U.S. Senate Candidates Criticize Abortion Ruling
Former governor James S. Gilmore III, who is running for the Republican nomination for U.S. Senate, criticized yesterday's decision of the 4th U.S. Circuit Court of Appeals striking down Virginia's ban on partial birth abortions.
"This outcome shows how critical it is to have federal judges who will strictly interpret the Constitution," Gilmore said. "This unfortunate ruling by the 4th Circuit Tuesday was decided by two judges appointed by President Bill Clinton. If I am elected to the U.S. Senate I will support the selection of federal judges who do not try to rewrite laws that have been enacted by a duly elected legislature."
Likely Democratic candidate Mark R. Warner was governor when the General Assembly approved the ban on late-term abortions in 2003. He opposed the ban, but the General Assembly overruled him. Warner declined to comment on the court ruling, which will likely thrust the issues of abortion and federal appellate court appointments into the Senate race.
But Gilmore and his Republican opponent, Del. Robert G. Marshall of Prince William, are urging Attorney General Robert F. McDonnell (R) to appeal the decision.
Marshall, who authored the 2003 bill, called the ruling "a corruption of law, and the procedure is the destruction of medicine."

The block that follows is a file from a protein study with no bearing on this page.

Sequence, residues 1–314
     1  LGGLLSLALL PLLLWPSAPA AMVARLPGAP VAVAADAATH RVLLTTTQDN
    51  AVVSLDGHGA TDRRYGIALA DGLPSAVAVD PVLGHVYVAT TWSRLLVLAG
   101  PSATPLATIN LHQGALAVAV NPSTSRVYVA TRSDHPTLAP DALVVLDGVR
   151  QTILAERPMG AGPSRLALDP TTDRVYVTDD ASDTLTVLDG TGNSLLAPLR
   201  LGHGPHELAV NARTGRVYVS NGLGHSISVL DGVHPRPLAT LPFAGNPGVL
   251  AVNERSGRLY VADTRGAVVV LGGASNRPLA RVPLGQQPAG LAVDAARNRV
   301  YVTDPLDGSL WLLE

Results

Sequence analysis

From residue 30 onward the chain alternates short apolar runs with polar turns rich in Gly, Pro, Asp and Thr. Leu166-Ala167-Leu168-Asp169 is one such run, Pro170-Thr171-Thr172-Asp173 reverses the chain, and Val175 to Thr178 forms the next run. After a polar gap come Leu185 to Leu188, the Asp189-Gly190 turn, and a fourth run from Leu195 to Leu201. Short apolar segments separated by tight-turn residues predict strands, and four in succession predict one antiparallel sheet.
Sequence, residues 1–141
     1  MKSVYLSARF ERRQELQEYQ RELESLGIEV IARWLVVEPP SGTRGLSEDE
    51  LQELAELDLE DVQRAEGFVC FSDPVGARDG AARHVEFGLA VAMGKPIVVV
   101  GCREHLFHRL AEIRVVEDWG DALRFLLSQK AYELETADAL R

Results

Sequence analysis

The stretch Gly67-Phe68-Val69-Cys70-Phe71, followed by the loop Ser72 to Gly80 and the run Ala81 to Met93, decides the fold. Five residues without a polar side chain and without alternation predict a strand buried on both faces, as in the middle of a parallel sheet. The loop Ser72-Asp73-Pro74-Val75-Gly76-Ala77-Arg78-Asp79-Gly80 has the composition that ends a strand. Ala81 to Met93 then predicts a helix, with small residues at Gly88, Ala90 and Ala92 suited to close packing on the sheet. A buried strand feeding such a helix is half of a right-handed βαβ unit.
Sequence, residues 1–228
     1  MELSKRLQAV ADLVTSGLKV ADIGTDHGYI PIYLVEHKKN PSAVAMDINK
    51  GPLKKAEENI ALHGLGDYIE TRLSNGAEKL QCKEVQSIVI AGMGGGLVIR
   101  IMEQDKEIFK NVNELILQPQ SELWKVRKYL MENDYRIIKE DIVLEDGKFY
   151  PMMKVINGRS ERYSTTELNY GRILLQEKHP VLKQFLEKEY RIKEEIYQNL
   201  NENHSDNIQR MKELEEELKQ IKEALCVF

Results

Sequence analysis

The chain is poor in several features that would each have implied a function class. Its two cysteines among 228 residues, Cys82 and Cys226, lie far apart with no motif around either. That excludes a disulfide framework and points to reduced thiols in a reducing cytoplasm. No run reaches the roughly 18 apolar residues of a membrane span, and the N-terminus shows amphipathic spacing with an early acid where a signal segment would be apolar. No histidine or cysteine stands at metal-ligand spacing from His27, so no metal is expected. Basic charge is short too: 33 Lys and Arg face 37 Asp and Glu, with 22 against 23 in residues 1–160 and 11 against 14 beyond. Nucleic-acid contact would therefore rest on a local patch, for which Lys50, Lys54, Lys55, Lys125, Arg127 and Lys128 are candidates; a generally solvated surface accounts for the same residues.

"We can no longer accept soothing words from politicians who say they will appoint pro-life judges when they clearly have not done so since 1973. Abortion up to birth is currently justified by judges ratified by the United States Senate,'' he said.
"Members of Congress have to take responsibility. Any politicians who says he will appoint pro-life judges is simply telling us that he does not want to deal with the question of the definition of life. Congress can define all the terms of the 14th Amendment, including 'persons' and 'citizens' to include unborn children."
May 21, 2008; 4:14 PM ET
Categories: Anita Kumar , Election 2008/U.S. Senate , James Gilmore III , Mark Warner
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